This appeal is from the decision of the Board of Patent Interferences awarding
The subject matter of this interference is substituted 4, 10-dioxo-5-hydroxy-1, 2, 3, 4, 4a, 9, 9a, 10-octahydroanthracenes. Count 1 is as follows subparagraphing and numbering of the relevant carbon atoms supplied):
Count 2 is for 8-chloro-1, 2, 3, 4, 4a, 9, 9a, 10-octahydro-4, 10-dioxo-5-hydroxy-2-anthraceneglycine, a species encompassed within the genus of count 1 which may be represented by the following structural formula:
Appellant Fields' patent discloses that "The novel compounds of the present invention are particularly useful as chelating, complexing or sequestering agents for polyvalent metallic ions," that they are also "biologically active and have been found to possess antibacterial activity," and that they "may also be useful in the synthesis of physiologically active antibiotics of the tetracycline series." Fields' patent is assigned to American Cyanamid Co., while Conover's application seems to be assigned to Chas. Pfizer & Co., Inc.
Conover relies on an enormous application having 196 typed pages of specification which in the words of its introductory paragraph,
On the following pages, the substituents in the above formula are defined as follows:
We have set forth the above definitions at length to emphasize the scope of the Conover teaching. However, it is conceded by Fields that the counts "find support" in the Conover application in the sense that "the particular group of compounds defined by the counts" may be arrived at by "a judicious choice from among the incredibly large number of possible substituents * * * assigned to formula XXII * * * of the Conover et al. application." Specifically, compounds defined by formula XXII lie within count 1 if (1) Conover's X is hydrogen or chloro at the 8-position, (2) X
THE BOARD'S OPINION
The board, starting with one of the 100 substituted amino acetates listed in Conover's Example LXIII,
The board specifically found that "procedures for converting aromatic ethers to aromatic hydroxy compounds are well within the skill of the art," relying on "A well known textbook of organic chemistry" published in 1950 which states that 48% hydrobromic acid is a superior reagent for ether cleavage and on two working examples in Conover which teach analogous reactions with other compounds. In the particular reaction sequence traced by the board, this final reaction is said to result in the compound recited in count 2, and, on this basis, the board held that "the disclosures of these examples [i. e., Examples LXIII, LXV, LXXXVI, and LXXXVII] are linked so that by following out these processes the compound of count 2 must inevitably be formed." Accordingly, the board awarded priority to Conover on both counts.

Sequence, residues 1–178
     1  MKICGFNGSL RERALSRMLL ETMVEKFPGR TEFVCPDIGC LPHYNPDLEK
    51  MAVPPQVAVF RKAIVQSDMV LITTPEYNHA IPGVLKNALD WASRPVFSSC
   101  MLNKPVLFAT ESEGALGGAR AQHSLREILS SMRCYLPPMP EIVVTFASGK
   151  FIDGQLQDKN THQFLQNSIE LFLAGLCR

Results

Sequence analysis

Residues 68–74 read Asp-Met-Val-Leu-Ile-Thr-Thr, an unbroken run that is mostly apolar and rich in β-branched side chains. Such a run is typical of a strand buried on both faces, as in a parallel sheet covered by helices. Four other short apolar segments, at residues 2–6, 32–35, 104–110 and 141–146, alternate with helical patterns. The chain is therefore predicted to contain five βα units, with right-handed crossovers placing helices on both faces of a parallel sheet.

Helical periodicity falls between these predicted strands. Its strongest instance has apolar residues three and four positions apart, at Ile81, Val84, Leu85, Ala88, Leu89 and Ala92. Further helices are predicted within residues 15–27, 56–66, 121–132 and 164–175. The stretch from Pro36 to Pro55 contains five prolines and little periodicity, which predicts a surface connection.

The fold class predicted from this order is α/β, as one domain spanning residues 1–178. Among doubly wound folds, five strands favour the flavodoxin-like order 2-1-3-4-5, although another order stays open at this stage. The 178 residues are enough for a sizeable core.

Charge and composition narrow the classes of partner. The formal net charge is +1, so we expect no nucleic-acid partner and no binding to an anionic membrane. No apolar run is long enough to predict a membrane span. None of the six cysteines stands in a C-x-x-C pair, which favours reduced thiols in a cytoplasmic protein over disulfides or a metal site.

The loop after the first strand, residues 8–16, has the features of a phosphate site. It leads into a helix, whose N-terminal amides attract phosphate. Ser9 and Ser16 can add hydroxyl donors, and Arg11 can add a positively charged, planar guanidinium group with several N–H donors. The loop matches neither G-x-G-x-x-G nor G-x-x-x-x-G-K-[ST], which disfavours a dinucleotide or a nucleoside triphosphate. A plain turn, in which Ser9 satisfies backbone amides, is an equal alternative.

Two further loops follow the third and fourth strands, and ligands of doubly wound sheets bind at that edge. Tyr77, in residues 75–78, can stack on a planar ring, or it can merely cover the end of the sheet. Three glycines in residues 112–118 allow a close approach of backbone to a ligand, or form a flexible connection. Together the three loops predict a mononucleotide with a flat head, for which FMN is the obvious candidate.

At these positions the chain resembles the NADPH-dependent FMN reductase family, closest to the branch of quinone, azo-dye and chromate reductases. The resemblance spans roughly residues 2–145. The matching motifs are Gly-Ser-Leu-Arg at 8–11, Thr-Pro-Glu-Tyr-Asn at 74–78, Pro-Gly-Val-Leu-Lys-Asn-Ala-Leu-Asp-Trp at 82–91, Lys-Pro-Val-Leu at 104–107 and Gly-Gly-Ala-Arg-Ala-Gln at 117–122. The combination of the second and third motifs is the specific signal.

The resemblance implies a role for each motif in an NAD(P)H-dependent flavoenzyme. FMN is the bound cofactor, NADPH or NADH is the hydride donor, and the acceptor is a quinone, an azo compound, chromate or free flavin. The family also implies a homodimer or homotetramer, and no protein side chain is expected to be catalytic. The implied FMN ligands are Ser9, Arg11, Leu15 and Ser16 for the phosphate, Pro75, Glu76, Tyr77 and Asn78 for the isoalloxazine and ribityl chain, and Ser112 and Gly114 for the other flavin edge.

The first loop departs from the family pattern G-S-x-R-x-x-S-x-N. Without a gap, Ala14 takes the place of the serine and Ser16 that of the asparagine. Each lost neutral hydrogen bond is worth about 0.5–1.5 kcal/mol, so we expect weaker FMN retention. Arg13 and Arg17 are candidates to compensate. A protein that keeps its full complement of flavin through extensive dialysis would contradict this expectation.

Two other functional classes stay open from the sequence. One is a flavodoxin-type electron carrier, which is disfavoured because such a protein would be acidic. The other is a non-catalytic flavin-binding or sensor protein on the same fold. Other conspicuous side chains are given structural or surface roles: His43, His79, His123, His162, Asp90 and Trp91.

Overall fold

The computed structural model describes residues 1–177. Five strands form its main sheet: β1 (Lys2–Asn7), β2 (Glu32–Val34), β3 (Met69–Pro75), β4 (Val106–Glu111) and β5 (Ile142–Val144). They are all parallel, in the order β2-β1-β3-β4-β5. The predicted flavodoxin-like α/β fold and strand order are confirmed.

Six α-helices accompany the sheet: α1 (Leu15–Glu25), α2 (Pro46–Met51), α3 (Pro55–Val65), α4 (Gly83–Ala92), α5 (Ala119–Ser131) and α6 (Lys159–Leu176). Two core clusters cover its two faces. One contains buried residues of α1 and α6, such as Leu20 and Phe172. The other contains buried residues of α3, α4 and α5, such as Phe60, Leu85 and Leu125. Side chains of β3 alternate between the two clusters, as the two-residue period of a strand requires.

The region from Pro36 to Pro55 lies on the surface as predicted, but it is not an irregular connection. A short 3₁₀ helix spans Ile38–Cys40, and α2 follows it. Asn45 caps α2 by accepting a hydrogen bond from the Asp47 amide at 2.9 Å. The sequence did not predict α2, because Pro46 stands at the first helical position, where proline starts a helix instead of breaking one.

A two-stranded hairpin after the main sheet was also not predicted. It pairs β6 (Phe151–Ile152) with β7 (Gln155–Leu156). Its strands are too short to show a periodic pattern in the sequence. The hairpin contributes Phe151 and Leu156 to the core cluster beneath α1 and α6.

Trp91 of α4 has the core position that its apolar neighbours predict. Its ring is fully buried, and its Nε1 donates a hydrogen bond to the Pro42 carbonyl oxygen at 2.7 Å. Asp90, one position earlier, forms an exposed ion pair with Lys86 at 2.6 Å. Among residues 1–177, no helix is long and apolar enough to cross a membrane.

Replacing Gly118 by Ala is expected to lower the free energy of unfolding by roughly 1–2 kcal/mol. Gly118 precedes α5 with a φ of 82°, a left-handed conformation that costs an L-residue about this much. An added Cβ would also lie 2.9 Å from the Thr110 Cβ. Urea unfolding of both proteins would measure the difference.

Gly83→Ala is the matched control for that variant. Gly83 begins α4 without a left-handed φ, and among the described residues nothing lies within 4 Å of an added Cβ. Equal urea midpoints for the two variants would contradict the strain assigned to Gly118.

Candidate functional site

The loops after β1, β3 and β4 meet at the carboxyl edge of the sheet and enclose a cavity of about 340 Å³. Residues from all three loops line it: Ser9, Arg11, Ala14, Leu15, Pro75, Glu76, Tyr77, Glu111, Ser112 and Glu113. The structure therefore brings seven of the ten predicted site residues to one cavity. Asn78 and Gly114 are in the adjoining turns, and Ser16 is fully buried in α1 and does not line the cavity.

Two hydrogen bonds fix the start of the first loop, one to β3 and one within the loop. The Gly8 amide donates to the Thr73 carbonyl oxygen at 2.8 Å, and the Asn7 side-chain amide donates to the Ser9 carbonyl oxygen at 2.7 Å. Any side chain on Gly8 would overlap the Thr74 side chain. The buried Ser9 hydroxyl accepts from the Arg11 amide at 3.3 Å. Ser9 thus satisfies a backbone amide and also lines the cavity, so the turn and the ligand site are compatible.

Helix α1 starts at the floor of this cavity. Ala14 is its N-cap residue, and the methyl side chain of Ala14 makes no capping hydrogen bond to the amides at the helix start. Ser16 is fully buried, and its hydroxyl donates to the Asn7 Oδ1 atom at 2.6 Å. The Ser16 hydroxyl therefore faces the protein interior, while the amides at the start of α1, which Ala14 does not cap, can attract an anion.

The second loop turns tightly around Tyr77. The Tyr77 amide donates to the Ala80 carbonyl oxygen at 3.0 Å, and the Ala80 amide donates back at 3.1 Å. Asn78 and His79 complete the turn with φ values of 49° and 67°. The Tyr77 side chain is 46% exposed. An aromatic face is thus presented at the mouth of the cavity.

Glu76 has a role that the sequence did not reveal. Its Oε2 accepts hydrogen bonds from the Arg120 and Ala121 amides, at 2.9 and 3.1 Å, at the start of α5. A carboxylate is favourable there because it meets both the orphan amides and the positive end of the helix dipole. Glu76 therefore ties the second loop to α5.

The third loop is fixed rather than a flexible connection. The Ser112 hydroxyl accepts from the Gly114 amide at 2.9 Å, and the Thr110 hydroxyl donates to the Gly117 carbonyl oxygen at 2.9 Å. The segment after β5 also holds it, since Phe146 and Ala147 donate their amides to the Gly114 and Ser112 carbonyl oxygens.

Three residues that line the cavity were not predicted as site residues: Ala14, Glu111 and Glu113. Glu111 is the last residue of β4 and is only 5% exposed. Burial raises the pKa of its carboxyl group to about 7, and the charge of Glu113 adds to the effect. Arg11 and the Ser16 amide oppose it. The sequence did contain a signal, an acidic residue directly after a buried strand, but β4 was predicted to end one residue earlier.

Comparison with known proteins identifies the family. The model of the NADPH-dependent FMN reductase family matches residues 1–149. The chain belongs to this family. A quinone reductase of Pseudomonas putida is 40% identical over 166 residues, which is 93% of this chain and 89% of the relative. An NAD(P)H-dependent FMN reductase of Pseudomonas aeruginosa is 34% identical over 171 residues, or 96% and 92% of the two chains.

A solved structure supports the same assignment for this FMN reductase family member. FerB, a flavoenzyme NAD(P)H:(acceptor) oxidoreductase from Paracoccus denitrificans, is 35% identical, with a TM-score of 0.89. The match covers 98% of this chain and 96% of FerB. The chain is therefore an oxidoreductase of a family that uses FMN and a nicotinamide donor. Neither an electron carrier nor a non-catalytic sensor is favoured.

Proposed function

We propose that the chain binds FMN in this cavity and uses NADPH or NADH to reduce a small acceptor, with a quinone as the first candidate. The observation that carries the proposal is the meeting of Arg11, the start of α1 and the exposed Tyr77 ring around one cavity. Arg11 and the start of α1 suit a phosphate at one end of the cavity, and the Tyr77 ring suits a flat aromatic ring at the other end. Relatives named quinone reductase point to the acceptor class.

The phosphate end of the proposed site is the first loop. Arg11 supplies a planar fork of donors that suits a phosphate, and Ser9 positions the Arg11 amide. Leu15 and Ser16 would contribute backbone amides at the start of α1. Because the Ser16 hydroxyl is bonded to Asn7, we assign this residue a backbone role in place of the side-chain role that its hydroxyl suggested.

Fields presents his arguments in various forms, but essentially they come down to two contentions: (1) Conover's specification does not teach how to make the compound recited in count 2 or, in general, the compounds recited in count 1
However, neither the how-to-use nor the best-mode requirement is in issue here.
A. How-to-Make Requirement
Fields does not contest the sufficiency of Conover's teachings concerning the first thirteen steps of the fourteen-step reaction sequence starting with "the known compound methyl 3-methoxybenzoate" and ending with the compound recited in count 2. The controversy is over whether the language "The ether * * * groups present are converted to hydroxy * * * groups by treatment with hydrogen bromide in accordance with known procedures," together with knowledge already in the public domain,
Fields contends that the above disclosure is inadequate because "the conversion of aromatic ethers to aromatic hydroxy compounds is by no means a standardized procedure since the process conditions vary immensely depending upon the starting material substrate." Fields points out, and Conover partially concedes, that "the determination of the proper process conditions for the conversion of a 5-methoxy-4, 10-dioxo-1, 2, 3, 4, 4a, 9, 9a, 10-octahydro-2-anthraceneglycine to its corresponding 5-hydroxy derivative without concomitant side reactions would unquestionably require considerable experimentation." Fields then cites In re Brown, 329 F.2d 1006, 51 CCPA 1254 (1964), where, in judging the sufficiency of a reference which allegedly rendered the claimed compositions of matter obvious, we quoted I Robinson on Patents 451 (1890) to the effect that: